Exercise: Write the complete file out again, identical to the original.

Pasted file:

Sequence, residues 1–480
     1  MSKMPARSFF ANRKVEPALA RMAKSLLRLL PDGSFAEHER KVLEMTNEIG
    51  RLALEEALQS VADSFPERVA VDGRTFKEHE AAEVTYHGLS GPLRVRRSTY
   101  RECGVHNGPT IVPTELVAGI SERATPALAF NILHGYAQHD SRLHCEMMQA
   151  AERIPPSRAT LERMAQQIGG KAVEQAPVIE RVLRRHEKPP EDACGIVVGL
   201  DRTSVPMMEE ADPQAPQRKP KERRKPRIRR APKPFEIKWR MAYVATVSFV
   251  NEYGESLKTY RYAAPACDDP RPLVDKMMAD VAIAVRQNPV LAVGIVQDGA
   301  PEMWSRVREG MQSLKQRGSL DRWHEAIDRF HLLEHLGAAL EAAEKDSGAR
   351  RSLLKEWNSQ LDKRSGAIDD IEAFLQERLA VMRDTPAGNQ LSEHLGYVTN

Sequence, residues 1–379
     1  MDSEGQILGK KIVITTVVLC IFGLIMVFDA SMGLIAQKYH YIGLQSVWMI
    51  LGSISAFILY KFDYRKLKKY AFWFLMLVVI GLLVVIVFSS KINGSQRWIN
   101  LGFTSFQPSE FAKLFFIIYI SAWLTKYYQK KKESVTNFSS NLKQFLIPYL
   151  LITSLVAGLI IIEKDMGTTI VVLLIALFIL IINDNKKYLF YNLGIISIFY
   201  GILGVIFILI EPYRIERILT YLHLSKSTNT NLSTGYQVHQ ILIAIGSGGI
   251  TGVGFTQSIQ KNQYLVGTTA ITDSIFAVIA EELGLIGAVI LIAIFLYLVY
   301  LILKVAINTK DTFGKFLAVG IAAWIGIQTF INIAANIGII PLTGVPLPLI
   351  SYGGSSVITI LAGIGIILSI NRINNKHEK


Sequence, residues 1–480
     1  MSKMPARSFF ANRKVEPALA RMAKSLLRLL PDGSFAEHER KVLEMTNEIG
    51  RLALEEALQS VADSFPERVA VDGRTFKEHE AAEVTYHGLS GPLRVRRSTY
   101  RECGVHNGPT IVPTELVAGI SERATPALAF NILHGYAQHD SRLHCEMMQA
   151  AERIPPSRAT LERMAQQIGG KAVEQAPVIE RVLRRHEKPP EDACGIVVGL
   201  DRTSVPMMEE ADPQAPQRKP KERRKPRIRR APKPFEIKWR MAYVATVSFV
   251  NEYGESLKTY RYAAPACDDP RPLVDKMMAD VAIAVRQNPV LAVGIVQDGA
   301  PEMWSRVREG MQSLKQRGSL DRWHEAIDRF HLLEHLGAAL EAAEKDSGAR
   351  RSLLKEWNSQ LDKRSGAIDD IEAFLQERLA VMRDTPAGNQ LSEHLGYVTN

Sequence, residues 1–379
     1  MDSEGQILGK KIVITTVVLC IFGLIMVFDA SMGLIAQKYH YIGLQSVWMI
    51  LGSISAFILY KFDYRKLKKY AFWFLMLVVI GLLVVIVFSS KINGSQRWIN
   101  LGFTSFQPSE FAKLFFIIYI SAWLTKYYQK KKESVTNFSS NLKQFLIPYL
   151  LITSLVAGLI IIEKDMGTTI VVLLIALFIL IINDNKKYLF YNLGIISIFY
   201  GILGVIFILI EPYRIERILT YLHLSKSTNT NLSTGYQVHQ ILIAIGSGGI
   251  TGVGFTQSIQ KNQYLVGTTA ITDSIFAVIA EELGLIGAVI LIAIFLYLVY
   301  LILKVAINTK DTFGKFLAVG IAAWIGIQTF INIAANIGII PLTGVPLPLI
   351  SYGGSSVITI LAGIGIILSI NRINNKHEK